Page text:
This section covers a list of available monitoring and debugging tools and features in Ray.

This documentation only covers the high-level description of available tools and features. For more details, see Ray Observability.

Dashboard (Web UI)#

Ray supports the web-based dashboard to help users monitor the cluster. When a new cluster is started, the dashboard is available through the default address localhost:8265 (port can be automatically incremented if port 8265 is already occupied).

See Ray Dashboard for more details.

Application Logging#

By default, all stdout and stderr of tasks and actors are streamed to the Ray driver (the entrypoint script that calls ray.init).

import ray

# Initiate a driver.

def task():


class Actor:
    def ready(self):

actor = Actor.remote()

All stdout emitted from the print method is printed to the driver with a (the task or actor repr, the process ID, IP address) prefix.

(pid=45601) task
(Actor pid=480956) actor

See Logging for more details.


Creating a new task or submitting an actor task generates an object reference. When ray.get is called on the object reference, the API raises an exception if anything goes wrong with a related task, actor or object. For example,

  • RayTaskError is raised when there’s an error from user code that throws an exception.

  • RayActorError is raised when an actor is dead (by a system failure such as node failure or user-level failure such as an exception from __init__ method).

  • RuntimeEnvSetupError is raised when the actor or task couldn’t be started because a runtime environment failed to be created.

See Exceptions Reference for more details.

Accessing Ray States#

Starting from Ray 2.0, it supports CLI / Python APIs to query the state of resources (e.g., actor, task, object, etc.).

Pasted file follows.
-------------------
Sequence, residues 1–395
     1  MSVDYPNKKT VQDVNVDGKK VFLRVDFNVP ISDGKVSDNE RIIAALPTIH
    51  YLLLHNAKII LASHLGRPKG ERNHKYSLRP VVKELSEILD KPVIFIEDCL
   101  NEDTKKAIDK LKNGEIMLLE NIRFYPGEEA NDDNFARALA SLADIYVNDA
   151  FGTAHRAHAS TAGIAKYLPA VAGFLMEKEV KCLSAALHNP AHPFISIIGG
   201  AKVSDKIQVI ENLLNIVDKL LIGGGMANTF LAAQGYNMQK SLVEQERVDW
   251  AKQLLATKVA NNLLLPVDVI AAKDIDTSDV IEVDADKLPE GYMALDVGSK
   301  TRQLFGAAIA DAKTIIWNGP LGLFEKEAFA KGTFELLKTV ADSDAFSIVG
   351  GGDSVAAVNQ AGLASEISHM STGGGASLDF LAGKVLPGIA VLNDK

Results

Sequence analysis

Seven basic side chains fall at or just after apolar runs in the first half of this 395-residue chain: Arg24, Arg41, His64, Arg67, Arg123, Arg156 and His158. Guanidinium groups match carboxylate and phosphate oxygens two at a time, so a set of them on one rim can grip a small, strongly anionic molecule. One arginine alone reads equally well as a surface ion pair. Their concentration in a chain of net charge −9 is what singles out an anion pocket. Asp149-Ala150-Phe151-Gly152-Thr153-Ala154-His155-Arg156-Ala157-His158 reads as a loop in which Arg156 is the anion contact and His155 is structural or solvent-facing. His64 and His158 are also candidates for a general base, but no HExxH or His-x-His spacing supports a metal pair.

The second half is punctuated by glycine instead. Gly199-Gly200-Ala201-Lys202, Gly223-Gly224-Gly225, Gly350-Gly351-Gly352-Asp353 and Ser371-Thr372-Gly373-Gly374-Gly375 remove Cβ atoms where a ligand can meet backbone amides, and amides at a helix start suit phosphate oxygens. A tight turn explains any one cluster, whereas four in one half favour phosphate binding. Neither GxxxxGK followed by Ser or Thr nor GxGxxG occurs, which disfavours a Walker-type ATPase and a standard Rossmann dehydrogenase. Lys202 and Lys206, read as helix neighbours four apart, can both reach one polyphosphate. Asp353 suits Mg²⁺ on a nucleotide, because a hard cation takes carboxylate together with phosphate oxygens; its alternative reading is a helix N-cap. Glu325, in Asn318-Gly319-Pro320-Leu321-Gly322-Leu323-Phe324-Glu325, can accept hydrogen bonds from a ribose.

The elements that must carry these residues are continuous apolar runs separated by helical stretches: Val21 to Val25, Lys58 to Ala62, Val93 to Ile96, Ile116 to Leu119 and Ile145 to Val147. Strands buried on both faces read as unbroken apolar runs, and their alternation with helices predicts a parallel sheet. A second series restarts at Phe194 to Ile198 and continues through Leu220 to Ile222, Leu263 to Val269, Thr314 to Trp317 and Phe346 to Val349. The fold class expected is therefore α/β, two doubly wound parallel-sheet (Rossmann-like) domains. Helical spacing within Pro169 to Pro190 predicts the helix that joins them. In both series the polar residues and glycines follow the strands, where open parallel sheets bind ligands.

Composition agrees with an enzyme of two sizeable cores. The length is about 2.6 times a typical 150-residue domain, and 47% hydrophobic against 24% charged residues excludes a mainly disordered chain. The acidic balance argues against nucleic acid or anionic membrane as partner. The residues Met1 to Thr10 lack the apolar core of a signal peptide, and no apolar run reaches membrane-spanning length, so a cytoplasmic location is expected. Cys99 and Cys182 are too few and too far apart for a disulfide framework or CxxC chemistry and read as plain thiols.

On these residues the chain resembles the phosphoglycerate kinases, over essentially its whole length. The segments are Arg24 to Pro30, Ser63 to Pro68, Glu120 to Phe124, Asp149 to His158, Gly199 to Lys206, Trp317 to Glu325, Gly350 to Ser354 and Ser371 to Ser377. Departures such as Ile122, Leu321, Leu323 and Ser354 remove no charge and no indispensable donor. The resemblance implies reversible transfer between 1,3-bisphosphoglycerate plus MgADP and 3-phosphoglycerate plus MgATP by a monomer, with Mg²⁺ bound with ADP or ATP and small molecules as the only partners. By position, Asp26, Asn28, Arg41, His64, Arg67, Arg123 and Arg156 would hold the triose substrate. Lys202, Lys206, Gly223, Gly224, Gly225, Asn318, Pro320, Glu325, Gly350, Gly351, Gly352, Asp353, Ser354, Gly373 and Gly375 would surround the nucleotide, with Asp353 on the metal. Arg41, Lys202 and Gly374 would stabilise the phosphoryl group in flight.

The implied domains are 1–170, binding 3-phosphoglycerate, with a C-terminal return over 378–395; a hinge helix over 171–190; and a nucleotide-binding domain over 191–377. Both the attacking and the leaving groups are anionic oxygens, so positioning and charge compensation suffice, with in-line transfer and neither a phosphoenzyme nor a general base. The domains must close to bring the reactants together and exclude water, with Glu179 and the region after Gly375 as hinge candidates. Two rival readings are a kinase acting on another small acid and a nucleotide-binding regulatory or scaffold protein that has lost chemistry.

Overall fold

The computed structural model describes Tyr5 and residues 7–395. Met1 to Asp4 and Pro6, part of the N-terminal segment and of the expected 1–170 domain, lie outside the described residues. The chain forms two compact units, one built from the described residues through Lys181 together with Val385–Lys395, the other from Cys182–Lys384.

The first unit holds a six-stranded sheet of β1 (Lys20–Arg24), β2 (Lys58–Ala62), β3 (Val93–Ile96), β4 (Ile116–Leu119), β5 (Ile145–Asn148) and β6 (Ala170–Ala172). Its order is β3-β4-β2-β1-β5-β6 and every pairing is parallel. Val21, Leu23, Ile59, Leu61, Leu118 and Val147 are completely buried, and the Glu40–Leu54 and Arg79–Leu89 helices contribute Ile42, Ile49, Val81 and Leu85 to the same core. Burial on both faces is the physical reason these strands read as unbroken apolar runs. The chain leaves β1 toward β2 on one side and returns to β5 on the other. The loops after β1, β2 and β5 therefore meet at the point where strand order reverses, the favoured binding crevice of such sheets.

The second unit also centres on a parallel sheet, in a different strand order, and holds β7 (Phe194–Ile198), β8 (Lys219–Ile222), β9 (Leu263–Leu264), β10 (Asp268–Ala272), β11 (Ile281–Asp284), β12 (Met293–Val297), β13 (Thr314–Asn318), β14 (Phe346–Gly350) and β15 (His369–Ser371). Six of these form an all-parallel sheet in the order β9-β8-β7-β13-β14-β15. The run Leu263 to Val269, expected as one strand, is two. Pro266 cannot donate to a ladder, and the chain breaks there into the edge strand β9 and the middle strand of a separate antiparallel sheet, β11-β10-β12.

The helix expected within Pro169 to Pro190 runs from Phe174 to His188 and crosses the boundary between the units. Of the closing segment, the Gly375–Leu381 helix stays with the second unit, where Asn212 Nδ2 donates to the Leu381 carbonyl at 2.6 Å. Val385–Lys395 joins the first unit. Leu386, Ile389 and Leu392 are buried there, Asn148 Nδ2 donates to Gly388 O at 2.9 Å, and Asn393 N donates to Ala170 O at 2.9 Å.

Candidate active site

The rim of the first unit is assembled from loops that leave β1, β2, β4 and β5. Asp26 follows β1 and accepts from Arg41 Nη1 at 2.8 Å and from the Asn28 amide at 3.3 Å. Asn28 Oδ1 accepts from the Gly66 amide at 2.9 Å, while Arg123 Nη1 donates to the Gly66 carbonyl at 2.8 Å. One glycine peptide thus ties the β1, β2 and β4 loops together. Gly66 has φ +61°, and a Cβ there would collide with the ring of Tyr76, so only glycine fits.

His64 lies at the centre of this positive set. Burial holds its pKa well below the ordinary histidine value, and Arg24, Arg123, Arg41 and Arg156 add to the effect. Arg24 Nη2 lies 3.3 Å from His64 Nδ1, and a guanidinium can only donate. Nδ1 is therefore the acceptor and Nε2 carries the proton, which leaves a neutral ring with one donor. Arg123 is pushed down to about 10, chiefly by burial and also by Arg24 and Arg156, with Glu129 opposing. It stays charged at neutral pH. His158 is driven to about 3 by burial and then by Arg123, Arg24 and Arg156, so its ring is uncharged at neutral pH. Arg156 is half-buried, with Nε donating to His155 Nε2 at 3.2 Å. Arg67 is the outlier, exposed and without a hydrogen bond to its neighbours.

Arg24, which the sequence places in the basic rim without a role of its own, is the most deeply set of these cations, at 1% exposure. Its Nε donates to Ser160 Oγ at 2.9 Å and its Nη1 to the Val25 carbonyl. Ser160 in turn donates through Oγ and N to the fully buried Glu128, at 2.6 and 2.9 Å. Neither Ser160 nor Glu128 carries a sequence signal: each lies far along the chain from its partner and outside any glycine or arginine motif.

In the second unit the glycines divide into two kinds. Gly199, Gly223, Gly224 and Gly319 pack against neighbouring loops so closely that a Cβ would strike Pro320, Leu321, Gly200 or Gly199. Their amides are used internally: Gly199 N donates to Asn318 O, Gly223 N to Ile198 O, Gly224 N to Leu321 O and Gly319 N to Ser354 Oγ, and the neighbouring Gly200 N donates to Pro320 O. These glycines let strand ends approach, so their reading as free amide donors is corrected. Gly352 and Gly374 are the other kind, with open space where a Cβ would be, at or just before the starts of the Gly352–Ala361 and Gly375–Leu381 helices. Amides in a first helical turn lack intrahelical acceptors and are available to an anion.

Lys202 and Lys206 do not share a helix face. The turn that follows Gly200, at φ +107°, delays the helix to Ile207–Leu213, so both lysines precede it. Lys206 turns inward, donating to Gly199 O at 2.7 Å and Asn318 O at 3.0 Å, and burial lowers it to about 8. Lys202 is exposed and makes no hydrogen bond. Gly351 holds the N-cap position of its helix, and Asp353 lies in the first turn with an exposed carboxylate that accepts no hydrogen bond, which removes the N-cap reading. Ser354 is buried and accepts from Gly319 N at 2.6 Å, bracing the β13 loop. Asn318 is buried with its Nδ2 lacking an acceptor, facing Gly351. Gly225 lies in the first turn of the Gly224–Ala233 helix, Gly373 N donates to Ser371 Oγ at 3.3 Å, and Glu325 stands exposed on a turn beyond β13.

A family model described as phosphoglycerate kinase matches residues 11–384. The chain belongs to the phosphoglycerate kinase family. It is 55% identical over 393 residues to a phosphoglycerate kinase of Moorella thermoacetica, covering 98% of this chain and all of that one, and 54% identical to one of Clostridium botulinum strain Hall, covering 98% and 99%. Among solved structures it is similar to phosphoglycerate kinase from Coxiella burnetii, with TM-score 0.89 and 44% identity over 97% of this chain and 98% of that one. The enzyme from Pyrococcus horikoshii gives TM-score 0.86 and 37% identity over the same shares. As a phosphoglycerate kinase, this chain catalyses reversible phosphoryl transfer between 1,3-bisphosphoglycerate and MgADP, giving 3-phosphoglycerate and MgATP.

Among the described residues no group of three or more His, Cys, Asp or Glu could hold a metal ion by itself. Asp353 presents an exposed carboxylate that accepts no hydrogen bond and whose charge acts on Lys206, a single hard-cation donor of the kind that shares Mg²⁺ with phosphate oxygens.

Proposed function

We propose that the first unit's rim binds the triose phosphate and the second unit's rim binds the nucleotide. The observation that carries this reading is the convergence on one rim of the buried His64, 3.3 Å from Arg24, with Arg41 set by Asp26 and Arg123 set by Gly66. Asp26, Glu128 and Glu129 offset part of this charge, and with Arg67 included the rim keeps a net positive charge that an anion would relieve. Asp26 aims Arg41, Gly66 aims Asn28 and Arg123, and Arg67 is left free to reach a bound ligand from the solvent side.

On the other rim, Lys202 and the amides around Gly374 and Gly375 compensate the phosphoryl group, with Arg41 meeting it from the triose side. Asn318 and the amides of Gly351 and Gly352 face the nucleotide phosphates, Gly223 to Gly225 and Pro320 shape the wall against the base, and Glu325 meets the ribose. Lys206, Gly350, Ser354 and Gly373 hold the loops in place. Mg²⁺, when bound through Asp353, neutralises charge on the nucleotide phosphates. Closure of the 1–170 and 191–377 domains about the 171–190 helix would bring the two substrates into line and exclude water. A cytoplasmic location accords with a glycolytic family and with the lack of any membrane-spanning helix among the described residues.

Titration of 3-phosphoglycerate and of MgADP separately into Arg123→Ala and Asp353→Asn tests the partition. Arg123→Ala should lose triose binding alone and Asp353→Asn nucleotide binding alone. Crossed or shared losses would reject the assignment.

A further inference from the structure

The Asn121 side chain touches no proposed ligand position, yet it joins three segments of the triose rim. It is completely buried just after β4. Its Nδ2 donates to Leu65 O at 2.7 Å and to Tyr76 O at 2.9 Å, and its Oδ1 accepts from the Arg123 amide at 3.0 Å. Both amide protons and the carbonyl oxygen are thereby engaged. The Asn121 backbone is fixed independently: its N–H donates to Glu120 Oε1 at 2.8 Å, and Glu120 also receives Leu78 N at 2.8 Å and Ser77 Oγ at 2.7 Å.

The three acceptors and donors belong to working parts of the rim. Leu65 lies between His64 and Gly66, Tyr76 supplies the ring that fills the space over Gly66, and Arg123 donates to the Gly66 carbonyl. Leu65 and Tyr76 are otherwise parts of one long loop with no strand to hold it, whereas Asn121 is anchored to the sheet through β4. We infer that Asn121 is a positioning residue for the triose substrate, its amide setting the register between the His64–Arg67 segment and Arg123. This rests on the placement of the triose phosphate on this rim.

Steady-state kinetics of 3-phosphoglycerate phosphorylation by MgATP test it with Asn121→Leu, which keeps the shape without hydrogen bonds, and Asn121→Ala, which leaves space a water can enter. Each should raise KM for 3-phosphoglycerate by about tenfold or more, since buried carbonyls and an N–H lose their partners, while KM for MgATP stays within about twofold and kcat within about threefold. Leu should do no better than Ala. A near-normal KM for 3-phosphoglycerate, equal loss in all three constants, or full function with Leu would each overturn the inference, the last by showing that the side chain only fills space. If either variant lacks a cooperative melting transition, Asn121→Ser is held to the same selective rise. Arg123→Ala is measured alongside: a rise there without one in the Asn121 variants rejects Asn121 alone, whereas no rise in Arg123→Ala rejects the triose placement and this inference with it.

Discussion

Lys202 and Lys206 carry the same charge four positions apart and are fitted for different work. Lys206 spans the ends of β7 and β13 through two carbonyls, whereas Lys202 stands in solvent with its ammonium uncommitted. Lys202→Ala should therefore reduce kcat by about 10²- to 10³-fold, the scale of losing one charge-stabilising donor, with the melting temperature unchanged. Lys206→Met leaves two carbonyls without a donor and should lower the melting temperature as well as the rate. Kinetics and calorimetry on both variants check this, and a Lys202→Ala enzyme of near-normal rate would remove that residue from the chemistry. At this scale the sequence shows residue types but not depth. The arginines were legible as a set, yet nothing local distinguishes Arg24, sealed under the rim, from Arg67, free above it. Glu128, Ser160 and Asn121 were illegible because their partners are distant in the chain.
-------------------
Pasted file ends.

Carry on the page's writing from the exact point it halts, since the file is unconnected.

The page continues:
For example, the following command will summarize the task state of the cluster.

ray summary tasks
======== Tasks Summary: 2022-07-22 08:54:38.332537 ========
total_actor_scheduled: 2
total_actor_tasks: 0
total_tasks: 2

Table (group by func_name):
0   task_running_300_seconds  RUNNING: 2      NORMAL_TASK
1   Actor.__init__            FINISHED: 2     ACTOR_CREATION_TASK

The following command will list all the actors from the cluster.

ray list actors
======== List: 2022-07-23 21:29:39.323925 ========
Total: 2

    ACTOR_ID                          CLASS_NAME    NAME      PID  STATE
0  31405554844820381c2f0f8501000000  Actor                 96956  ALIVE
1  f36758a9f8871a9ca993b1d201000000  Actor                 96955  ALIVE

See Ray State API for more details.


Ray has a built-in debugger that allows you to debug your distributed applications. It allows you to set breakpoints in your Ray tasks and actors, and when hitting the breakpoint, you can drop into a PDB session that you can then use to:

  • Inspect variables in that context

  • Step within that task or actor

  • Move up or down the stack

See Ray Debugger for more details.

Monitoring Cluster State and Resource Demands#

You can monitor cluster usage and auto-scaling status by running (on the head node) a CLI command ray status. It displays

  • Cluster State: Nodes that are up and running. Addresses of running nodes. Information about pending nodes and failed nodes.

  • Autoscaling Status: The number of nodes that are autoscaling up and down.

  • Cluster Usage: The resource usage of the cluster. E.g., requested CPUs from all Ray tasks and actors. Number of GPUs that are used.

Here’s an example output.

$ ray status
======== Autoscaler status: 2021-10-12 13:10:21.035674 ========
Node status
 1 ray.head.default
 2 ray.worker.cpu
 (no pending nodes)
Recent failures:
 (no failures)

 0.0/10.0 CPU
 0.00/70.437 GiB memory
 0.00/10.306 GiB object_store_memory

 (no resource demands)


Ray collects and exposes the physical stats (e.g., CPU, memory, GRAM, disk, and network usage of each node), internal stats (e.g., number of actors in the cluster, number of worker failures of the cluster), and custom metrics (e.g., metrics defined by users). All stats can be exported as time series data (to Prometheus by default) and used to monitor the cluster over time.

See Ray Metrics for more details.


Ray is compatible with Python profiling tools such as CProfile. It also supports its built-in profiling tool such as :ref:`ray timeline <ray-timeline-doc>`.

See Profiling for more details.


To help debug and monitor Ray applications, Ray supports distributed tracing (integration with OpenTelemetry) across tasks and actors.

See Ray Tracing for more details.